The tall grassland landscapes of northern India support important biodiversity including grassland-specialist mammal and bird species such as the pygmy hog, hispid hare, swamp deer, hog deer, and Bengal florican, which all feature on the IUCN Red List of endangered species. Large herbivores like rhinos and buffalo play a critical role in these ecosystems, since they act as ‘ecosystem engineers’, renewing and managing the grassland to maintain ecosystem effectiveness including the mix of vegetation present, the soil structure, water catchment and natural nutrient cycles.

Many areas of surviving tall grasslands in south Asia no longer have these large ‘megaherbivore’ animals present and both species are now rare in the wild (as few as 3500 greater one-horned rhino and around 3000 swamp buffalo). Both species are now restricted to just a handful of protected locations. One method which would help rhino and buffalo populations recover, as well as enabling these large animals to provide their habitat-engineering role, involves reintroduction, where animals are brought back into locations which they have previously been eradicated. An important aspect of this study was evaluation of each reintroduction site needs in terms of feasibility, including consideration of social and management issues as well as the biological and natural habitat adequacy of the location.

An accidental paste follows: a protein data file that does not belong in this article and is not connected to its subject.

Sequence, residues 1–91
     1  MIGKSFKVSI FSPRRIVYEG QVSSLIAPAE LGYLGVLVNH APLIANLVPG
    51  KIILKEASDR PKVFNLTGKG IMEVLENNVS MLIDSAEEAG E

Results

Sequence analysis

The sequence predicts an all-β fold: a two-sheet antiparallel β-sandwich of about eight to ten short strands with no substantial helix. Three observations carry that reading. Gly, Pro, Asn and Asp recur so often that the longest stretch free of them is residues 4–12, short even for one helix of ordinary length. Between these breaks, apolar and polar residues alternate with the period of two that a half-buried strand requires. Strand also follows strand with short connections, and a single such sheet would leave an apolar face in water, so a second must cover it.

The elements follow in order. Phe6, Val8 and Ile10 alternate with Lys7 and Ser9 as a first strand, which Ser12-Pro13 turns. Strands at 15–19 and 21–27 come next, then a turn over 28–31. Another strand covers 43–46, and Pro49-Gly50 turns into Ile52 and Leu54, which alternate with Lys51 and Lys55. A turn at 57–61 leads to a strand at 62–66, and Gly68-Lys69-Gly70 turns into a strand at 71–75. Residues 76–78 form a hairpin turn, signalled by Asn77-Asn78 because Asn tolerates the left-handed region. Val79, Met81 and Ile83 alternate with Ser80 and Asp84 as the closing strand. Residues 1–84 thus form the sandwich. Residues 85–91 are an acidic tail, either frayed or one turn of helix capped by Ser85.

Harshini’s study identified several suitable locations, but just as importantly, also identified the unsuitability of other sites which until now had been considered as options for rhino reintroduction. The latter sites were identified as not feasible in terms of management capacity and experience, and reduced ability to address or eliminate potential local threats to rhinos or buffalo. The sites suggested by Harshini and her colleagues are important as they offer the option of developing new sub-populations of both species and therefore the possibility to improve the conservation of these magnificent animals in the long term. The greater one-horned rhino is an iconic species in the region, but this study has also offered new insights into the requirements of the endangered swamp buffalo which remains a poorly understood, but nevertheless important inhabitant of the terai grasslands if south Asia.

The research findings provide the first evidence for prioritising new reintroduction sites for greater one-horned rhino which incorporates management capacity and mitigation of threat risks, and will inform current decision making and policy concerning rhino conservation in the region.

Read the full paper here.

The MSc in Conservation at the School of Anthropology and Conservation offers a range of taught pathways (both full-time and part-time) for academic and professional development and also enables students to explore research and practice as part of a final research project.

All our Postgraduate programme pages can be found here.